£10m funding announced to develop next-gen EV battery technologies

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UKRI today announced a further investment of £10m from the Faraday Battery Challenge to support collaborative R&D projects co-funded by industry and managed by Innovate UK on behalf of UK Research and Innovation (UKRI). At least four of the projects chosen in what was a highly competitive bidding process leverage the knowledge, capabilities and know-how developed by the Faraday Institution research community.

Professor Pam Thomas, CEO of the Faraday Institution commented, “This development demonstrates the rapid success of our organization in identifying and pursing battery research that offers the most potential to deliver commercial impact for the UK. Together the 17 projects announced by Innovate UK today will help create a thriving and profitable UK battery development and manufacturing industry.”

“This new round of funding enables us to support companies across the battery supply chain and build on the UK’s world class research and innovation,” commented Tony Harper, Challenge Director for Faraday Battery Challenge at UK Research and Innovation. “One project, Power-UP, combines industry partners with input from the UK Battery Industrialisation Centre and the Faraday Institution to deliver a product that has the potential of being a best-in-class cell with unique selling points.”

The projects include:

Two separate projects build on the success of researchers at Imperial College London working on the Faraday Institution’s Multi-scale Modelling project and its subsequent Industry Sprint TOPBAT. The team has previously demonstrated significant opportunities for improvements in energy density at pack level, lifetime and cost optimizing cell design for thermal management rather than exclusively for cell-level energy density, as is current industry practice.

The Power-Up project will establish the feasibility of manufacturing AMTE Power’s Ultra High Power cells in the UK, at volume. The aim is to have an automotive format cell ready for production at UKBIC by the end of the 12-month project. AMTE will engage with potential UK customers for these cells, providing them early mover advantage. The project aligns with UKBIC’s ambition to develop the capacity for high power pouch cell manufacturing for its customer base.

GENESIS (Generating Energetic Novel cells and Systems Inspired by Software) is a collaboration led by Gigaplant developer Britishvolt that aims to design and demonstrate a large format lithium-ion pouch cell. It will be optimized to deliver both high energy density and sustain fast charging to the automotive sector technical requirements and use-case specifications, provided by an automaker. The consortium will integrate both high energy cathode materials and novel separator technology from project partners Johnson Matthey and ENTEK Membranes. Prototype cells will be fabricated to refine and validate the modeling undertaken at Imperial.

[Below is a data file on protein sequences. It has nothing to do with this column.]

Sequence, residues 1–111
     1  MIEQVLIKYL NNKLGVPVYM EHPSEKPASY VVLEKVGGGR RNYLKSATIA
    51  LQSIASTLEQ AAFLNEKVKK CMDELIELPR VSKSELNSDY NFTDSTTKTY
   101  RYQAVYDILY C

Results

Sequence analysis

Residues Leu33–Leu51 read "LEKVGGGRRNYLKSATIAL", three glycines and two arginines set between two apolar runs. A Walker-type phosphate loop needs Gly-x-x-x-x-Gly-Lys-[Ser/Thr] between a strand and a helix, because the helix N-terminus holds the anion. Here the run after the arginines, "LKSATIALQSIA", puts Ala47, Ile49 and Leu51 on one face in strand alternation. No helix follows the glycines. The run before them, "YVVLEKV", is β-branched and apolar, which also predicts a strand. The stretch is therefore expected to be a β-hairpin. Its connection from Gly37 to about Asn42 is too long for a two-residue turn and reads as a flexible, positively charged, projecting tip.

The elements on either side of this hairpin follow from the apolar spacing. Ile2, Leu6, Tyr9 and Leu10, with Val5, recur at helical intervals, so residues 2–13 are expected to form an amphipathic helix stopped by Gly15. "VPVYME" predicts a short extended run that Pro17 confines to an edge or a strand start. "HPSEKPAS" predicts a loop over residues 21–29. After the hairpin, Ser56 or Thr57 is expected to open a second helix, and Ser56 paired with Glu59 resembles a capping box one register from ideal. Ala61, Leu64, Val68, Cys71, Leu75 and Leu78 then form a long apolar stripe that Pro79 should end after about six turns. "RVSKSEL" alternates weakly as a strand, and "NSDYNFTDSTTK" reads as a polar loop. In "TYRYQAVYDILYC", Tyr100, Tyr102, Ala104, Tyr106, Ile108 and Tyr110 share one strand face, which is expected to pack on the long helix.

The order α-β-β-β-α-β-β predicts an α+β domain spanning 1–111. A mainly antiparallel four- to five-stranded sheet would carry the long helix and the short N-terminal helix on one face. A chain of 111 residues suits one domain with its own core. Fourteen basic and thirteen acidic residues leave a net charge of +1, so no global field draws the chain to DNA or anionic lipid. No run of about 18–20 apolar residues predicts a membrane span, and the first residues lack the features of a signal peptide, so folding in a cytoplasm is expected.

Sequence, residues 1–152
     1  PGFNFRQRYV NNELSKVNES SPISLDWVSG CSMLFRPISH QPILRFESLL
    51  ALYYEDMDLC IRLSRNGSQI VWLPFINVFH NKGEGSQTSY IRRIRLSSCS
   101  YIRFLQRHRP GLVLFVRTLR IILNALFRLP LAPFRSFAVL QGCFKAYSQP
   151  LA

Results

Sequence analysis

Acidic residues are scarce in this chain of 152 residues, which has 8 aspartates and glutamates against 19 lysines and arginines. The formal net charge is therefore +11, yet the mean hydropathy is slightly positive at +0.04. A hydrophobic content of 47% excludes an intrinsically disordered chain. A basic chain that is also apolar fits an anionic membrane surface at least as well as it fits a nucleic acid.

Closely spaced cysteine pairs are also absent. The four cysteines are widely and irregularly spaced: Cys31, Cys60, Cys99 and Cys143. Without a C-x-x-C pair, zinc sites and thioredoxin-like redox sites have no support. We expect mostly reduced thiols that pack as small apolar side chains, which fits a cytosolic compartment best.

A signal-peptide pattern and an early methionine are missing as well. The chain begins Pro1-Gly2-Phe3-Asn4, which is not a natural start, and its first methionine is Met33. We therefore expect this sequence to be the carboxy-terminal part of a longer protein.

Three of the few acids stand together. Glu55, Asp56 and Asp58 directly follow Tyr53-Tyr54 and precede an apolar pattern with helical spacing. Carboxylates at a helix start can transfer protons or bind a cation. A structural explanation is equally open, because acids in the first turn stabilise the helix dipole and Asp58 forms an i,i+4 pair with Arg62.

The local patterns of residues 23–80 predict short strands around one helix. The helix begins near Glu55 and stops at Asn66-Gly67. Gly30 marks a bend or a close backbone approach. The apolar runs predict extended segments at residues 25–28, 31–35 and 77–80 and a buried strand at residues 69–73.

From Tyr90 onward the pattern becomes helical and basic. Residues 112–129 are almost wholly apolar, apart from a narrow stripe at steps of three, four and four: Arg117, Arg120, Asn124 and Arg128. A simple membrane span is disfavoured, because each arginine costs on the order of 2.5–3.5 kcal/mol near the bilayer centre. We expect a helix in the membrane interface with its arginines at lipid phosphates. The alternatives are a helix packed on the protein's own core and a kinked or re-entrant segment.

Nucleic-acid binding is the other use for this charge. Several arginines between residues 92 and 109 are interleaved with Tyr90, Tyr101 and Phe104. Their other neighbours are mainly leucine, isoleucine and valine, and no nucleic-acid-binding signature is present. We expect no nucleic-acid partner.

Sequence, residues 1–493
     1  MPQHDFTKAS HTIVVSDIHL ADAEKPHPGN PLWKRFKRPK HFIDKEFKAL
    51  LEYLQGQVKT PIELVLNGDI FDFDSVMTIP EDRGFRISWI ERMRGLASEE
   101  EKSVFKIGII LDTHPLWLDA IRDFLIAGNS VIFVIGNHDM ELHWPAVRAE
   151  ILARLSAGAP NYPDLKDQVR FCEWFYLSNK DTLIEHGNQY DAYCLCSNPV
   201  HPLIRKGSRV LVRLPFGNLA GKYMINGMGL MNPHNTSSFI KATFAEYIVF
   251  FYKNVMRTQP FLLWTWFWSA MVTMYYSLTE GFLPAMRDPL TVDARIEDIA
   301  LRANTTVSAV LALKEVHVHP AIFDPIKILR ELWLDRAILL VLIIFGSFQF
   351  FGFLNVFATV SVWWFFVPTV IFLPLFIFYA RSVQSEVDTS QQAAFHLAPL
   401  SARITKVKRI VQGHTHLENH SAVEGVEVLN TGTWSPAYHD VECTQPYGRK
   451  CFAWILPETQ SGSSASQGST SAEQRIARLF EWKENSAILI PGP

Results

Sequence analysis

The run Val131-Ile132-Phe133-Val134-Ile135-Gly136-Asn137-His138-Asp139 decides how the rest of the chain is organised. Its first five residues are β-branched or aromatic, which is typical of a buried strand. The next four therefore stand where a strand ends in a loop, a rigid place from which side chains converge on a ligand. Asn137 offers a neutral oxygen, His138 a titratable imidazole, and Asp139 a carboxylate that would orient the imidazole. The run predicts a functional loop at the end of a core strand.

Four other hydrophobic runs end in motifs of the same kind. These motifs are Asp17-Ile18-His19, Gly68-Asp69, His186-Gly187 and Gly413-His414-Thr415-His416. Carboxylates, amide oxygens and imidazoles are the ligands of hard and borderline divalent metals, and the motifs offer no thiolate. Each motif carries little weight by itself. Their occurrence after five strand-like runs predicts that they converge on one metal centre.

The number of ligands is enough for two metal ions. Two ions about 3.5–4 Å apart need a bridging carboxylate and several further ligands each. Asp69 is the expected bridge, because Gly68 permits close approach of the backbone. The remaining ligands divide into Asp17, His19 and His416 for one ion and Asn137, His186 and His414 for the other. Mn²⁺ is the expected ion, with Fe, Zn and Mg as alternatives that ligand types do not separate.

HIPERCARB (High performance hard carbon composites for Na-ion) builds on an existing relationship between the NEXGENNA project and one of its industry partners Deregallera and preliminary data generated by a Faraday Institution cohort PhD researcher at Lancaster University. HIPERCARB will screen composites based on hard carbons manufactured by Deregallera for use as possible anodes for sodium-ion batteries, optimizing them to reduce cost and targeting an improvement in cell level energy density of >200Wh/kg, a step beyond current state-of-the-art. The project will be informed by techno-economic assessments carried out by CPI and the final output will be the manufacture and testing of a pouch cell using the most promising anode material.

SABRE (Silicon Anode Battery for Rapid Electrification), led by Nexeon, is aiming to deliver an advanced lithium-ion cell design incorporating a novel silicon anode that has the potential to increase the range of electric vehicles. Nexeon’s silicon material with high lithium capacity and low volume change on cycling is being used as a basis. Britishvolt will apply innovative computer-aided cell design and simulation to accelerate the integration of silicon into the anode design. Analysis will be carried out using X-ray computed tomography developed at UCL’s Electrochemical Innovation Lab and refined as part of the Faraday Institution’s project on battery degradation. The project will utilize the new cell assembly capabilities at UKBIC for the fabrication of cells to test and validate the new cell design.

The Faraday Battery Challenge brings together world-leading research, business innovation and scale up of manufacturing to accelerate to develop the latest battery technologies – a crucial part of the UK’s move towards a net zero emissions economy.

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